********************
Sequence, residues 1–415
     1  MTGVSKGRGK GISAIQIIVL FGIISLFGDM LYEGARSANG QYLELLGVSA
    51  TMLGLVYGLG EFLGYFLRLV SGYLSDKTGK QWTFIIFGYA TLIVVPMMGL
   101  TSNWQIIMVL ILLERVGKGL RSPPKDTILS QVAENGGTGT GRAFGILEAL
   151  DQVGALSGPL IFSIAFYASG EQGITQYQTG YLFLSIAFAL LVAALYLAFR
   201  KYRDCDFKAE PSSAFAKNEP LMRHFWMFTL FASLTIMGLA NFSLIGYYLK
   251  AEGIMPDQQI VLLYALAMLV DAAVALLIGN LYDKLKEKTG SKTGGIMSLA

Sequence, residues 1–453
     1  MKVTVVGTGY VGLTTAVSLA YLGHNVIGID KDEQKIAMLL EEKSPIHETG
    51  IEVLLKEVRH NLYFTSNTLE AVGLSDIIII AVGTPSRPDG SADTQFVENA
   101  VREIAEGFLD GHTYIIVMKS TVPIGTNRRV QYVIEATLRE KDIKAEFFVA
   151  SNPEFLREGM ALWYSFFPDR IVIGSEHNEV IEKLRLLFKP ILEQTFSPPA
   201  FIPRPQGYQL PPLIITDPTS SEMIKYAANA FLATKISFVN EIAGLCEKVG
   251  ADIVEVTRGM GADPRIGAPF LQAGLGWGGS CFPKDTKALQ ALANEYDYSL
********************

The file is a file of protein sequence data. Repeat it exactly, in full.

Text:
Sequence, residues 1–415
     1  MTGVSKGRGK GISAIQIIVL FGIISLFGDM LYEGARSANG QYLELLGVSA
    51  TMLGLVYGLG EFLGYFLRLV SGYLSDKTGK QWTFIIFGYA TLIVVPMMGL
   101  TSNWQIIMVL ILLERVGKGL RSPPKDTILS QVAENGGTGT GRAFGILEAL
   151  DQVGALSGPL IFSIAFYASG EQGITQYQTG YLFLSIAFAL LVAALYLAFR
   201  KYRDCDFKAE PSSAFAKNEP LMRHFWMFTL FASLTIMGLA NFSLIGYYLK
   251  AEGIMPDQQI VLLYALAMLV DAAVALLIGN LYDKLKEKTG SKTGGIMSLA

Sequence, residues 1–453
     1  MKVTVVGTGY VGLTTAVSLA YLGHNVIGID KDEQKIAMLL EEKSPIHETG
    51  IEVLLKEVRH NLYFTSNTLE AVGLSDIIII AVGTPSRPDG SADTQFVENA
   101  VREIAEGFLD GHTYIIVMKS TVPIGTNRRV QYVIEATLRE KDIKAEFFVA
   151  SNPEFLREGM ALWYSFFPDR IVIGSEHNEV IEKLRLLFKP ILEQTFSPPA
   201  FIPRPQGYQL PPLIITDPTS SEMIKYAANA FLATKISFVN EIAGLCEKVG
   251  ADIVEVTRGM GADPRIGAPF LQAGLGWGGS CFPKDTKALQ ALANEYDYSL